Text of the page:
To answer the question “What does it mean to be Canadian?” I go directly to a quote by the great Canadian and musician Gordon Lightfoot: “You just get the vibes of your surroundings and it rubs off on you.” The people I’ve met, the sport of hockey and the vibes from my many life experiences have shaped my Canadian identity.
First, I think of Mr. and Mrs. Gray when I think about what it means to be Canadian. My mom, Fay, worked with Mrs. Gray at the Sudbury Steam Laundry. One day, Mrs. Gray overheard her talking about her upcoming trip to Toronto International Airport to meet her three sons, who were arriving from Jamaica. My mom had no idea how she would make the five-hour trip by herself: My dad, Sylvester, was scheduled to work and could not afford to miss his shift. Missing work would mean less money for clothes, food and a roof over our heads.
So Mr. and Mrs. Gray volunteered to drive my mother to Toronto to meet my brothers and me. I was 12 years old, Patrick was 10 and Markel was 8. The Grays even refused to take money for gas.
On the trip to my new home in Sudbury, Ont., I ate a hot dog for the first time, Mr. and Mrs. Gray’s treat. The food filled my stomach. Their kindness and service filled my heart. Their helping, giving and welcoming spirit influenced my sense of what being Canadian means — we help ourselves by helping others, I learned.
Our family moved into the upstairs apartment of a two-storey building on 293 Peter Street. I looked out the window and told my parents I was never going outside — it did not look like Jamaica. My parents did not know what to say to me.
I looked outdoors another day, saw kids who did not look like me and told my parents I was never going out there. They both looked at me and, again, did not know what to say.
I heard the kids playing and speaking a language I had never heard and didn’t understand. My parents told me they were speaking French. I told them that the kids didn’t look like me, talk like me or want to play with me, so I was never leaving my apartment.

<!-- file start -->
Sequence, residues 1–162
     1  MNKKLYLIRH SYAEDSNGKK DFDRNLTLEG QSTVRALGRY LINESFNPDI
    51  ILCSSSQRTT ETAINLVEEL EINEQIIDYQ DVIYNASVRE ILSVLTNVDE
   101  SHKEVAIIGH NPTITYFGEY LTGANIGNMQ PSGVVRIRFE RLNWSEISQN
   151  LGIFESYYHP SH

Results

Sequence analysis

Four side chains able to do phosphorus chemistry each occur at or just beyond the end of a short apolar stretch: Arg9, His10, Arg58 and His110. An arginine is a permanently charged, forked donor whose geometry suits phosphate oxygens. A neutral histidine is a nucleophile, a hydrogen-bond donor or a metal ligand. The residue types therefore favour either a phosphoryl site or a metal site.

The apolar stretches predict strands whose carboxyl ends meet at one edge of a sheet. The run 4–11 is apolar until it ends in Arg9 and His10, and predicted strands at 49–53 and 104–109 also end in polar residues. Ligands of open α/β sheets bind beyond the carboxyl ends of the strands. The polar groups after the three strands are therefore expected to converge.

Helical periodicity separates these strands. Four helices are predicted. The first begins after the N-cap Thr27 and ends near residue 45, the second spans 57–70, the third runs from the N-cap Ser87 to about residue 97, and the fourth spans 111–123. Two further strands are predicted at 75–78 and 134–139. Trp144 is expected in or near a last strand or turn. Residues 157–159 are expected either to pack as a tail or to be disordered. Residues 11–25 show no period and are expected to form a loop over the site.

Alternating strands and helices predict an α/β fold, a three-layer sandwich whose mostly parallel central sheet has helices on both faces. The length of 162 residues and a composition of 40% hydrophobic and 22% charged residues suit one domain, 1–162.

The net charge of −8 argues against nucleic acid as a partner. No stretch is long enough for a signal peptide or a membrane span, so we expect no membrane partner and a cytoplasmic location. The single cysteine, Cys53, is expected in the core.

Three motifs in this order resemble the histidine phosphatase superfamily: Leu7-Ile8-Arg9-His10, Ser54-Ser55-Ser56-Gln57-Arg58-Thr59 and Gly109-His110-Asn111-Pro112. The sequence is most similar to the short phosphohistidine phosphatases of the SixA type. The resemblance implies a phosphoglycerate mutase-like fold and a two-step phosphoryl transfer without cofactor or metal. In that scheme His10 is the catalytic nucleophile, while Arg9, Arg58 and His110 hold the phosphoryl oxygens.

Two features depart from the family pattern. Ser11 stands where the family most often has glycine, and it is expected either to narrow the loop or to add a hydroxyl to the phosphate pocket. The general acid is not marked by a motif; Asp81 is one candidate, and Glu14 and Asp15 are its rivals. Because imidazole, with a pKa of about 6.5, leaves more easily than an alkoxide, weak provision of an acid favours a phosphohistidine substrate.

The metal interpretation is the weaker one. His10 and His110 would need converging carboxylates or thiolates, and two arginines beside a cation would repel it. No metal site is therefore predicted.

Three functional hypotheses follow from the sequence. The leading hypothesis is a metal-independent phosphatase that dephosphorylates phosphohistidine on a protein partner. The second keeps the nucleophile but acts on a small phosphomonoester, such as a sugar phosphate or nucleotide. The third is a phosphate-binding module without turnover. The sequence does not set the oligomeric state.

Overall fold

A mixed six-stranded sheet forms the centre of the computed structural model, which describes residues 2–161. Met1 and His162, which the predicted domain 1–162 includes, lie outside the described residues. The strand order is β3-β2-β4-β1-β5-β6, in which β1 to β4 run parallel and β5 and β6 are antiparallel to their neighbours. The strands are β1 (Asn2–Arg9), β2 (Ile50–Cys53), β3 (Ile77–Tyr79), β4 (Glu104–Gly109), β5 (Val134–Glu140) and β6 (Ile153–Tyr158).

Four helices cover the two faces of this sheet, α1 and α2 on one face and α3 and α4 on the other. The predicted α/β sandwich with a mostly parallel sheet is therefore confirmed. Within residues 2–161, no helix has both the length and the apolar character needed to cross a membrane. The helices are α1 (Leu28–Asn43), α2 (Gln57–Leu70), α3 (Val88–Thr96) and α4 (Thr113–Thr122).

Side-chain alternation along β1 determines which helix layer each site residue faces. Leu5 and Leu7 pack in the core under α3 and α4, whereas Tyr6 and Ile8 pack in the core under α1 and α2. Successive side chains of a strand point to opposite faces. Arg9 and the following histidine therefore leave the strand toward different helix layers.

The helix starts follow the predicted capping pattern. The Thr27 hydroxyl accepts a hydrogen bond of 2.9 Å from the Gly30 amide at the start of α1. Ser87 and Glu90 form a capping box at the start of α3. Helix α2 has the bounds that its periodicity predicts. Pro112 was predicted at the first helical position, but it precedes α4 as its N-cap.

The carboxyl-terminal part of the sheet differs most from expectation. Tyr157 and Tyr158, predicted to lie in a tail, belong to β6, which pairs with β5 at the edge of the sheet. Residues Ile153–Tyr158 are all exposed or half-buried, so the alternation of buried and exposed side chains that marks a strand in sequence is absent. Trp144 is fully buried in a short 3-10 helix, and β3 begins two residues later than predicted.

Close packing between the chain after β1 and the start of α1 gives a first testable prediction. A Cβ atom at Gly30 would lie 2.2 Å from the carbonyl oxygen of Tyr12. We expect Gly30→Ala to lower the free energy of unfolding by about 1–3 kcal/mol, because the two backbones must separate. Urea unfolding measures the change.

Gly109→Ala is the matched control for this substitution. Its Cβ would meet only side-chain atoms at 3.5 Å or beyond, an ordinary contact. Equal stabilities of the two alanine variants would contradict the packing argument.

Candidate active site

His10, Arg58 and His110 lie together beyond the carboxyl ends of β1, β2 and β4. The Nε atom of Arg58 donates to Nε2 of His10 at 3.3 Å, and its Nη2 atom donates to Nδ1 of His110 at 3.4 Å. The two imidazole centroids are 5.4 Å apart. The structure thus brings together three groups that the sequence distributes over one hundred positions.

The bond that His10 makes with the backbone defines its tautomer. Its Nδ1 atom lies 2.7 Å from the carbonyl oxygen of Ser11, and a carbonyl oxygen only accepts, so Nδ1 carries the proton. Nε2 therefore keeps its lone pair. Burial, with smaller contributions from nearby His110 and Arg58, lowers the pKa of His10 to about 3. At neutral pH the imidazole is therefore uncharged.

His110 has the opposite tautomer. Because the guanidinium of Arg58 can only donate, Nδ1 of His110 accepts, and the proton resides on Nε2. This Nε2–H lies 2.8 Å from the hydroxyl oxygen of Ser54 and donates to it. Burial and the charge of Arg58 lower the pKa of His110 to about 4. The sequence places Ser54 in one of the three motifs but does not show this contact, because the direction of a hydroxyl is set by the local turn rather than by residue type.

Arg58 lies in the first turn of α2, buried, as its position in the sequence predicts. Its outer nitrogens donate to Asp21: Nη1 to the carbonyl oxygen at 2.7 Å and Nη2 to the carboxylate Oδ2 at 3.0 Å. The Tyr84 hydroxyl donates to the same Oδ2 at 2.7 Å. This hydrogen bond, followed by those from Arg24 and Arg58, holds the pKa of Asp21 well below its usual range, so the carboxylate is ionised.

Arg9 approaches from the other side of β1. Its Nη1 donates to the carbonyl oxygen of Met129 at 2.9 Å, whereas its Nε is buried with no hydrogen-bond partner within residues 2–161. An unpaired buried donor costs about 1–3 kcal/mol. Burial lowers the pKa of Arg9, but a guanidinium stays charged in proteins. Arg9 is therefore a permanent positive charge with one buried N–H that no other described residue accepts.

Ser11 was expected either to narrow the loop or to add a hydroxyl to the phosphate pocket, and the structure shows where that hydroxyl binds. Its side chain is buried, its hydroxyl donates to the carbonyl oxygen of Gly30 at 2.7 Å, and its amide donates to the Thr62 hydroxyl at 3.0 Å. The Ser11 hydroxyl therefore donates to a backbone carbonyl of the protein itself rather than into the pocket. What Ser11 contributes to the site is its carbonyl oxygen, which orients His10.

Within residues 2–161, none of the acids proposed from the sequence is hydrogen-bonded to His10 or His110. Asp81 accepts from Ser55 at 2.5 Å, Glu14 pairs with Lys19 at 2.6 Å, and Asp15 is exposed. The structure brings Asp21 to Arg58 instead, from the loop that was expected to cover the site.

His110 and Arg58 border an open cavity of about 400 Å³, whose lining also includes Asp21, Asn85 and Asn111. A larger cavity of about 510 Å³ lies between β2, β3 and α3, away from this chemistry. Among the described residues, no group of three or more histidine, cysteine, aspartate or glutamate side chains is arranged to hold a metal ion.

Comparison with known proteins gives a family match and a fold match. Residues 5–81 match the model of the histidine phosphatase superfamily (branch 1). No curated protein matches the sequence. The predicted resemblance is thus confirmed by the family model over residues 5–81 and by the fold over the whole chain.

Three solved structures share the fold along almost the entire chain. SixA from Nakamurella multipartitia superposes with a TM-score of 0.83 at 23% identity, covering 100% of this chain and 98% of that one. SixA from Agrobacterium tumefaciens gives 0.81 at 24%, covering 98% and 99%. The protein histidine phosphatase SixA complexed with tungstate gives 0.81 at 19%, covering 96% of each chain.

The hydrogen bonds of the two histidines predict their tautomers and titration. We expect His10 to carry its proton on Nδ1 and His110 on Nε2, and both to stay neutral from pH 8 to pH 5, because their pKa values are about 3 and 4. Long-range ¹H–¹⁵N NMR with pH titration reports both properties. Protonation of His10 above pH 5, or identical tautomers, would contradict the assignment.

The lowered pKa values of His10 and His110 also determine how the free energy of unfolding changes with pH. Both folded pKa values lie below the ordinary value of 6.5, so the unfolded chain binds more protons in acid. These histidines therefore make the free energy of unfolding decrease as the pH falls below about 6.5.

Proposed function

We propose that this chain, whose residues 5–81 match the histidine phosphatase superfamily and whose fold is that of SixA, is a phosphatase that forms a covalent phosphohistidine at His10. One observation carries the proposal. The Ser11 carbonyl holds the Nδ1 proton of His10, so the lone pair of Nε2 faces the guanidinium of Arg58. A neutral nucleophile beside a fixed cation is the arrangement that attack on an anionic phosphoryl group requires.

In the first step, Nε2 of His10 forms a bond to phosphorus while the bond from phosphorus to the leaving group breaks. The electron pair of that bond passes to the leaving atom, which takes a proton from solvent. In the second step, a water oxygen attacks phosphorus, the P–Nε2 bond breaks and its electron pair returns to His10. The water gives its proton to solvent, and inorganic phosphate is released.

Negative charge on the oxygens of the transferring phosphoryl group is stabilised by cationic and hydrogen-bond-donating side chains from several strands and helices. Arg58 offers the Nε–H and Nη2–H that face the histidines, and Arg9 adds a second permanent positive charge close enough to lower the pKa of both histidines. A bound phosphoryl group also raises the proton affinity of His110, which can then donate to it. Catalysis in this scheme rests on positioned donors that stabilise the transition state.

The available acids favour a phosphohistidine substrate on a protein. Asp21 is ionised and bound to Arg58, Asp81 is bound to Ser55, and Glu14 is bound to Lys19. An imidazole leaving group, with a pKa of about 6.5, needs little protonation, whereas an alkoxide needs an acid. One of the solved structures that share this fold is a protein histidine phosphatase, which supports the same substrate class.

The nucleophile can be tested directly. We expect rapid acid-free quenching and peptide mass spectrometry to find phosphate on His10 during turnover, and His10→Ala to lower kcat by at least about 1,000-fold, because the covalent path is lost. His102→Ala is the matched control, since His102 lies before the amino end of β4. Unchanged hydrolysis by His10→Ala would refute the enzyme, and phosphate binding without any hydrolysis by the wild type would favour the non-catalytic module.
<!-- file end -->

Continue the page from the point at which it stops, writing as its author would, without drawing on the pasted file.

My world had no door until I went to school.
When the cold weather came, the hockey players came out to play street hockey. My life changed the moment the kids invited me to play with them. I used my landlord’s son’s hockey stick to tend goal. I knew how to catch, block and kick out the ball. I made a few saves and some new friends. I learned a new game and had a few laughs.
I even had a new dream: to be Ken Dryden of the Montreal Canadiens. How I looked or spoke did not matter to my teammates or to me. The only thing that mattered was that I was in the game and on a team. That is the Canadian way.
The francophone kids on Peter Street could have turned on me, or turned their backs and made fun of me, but instead they invited me to play with them and to be like them. I became a hockey player and a Montreal Canadiens fan because of the kids on Peter Street. And kids like them can be found all over this great land.
I became a Canadian citizen in 1975. I cried tears of joy while I sang O Canada. The vibes, those good feelings generated in the moment, took hold of me and became the light shining on my path as I moved forward in a big country with a big heart.
Becoming a Canadian was not an event but rather a process shaped by the positive vibrations of my surroundings. I thank Mr. and Mrs. Gray and the kids on Peter Street for giving me Canadian vibes, and a positive feeling about what it means to be Canadian. It’s about bringing people together to make a better community, country and world.
I lived it, and now I am sharing it.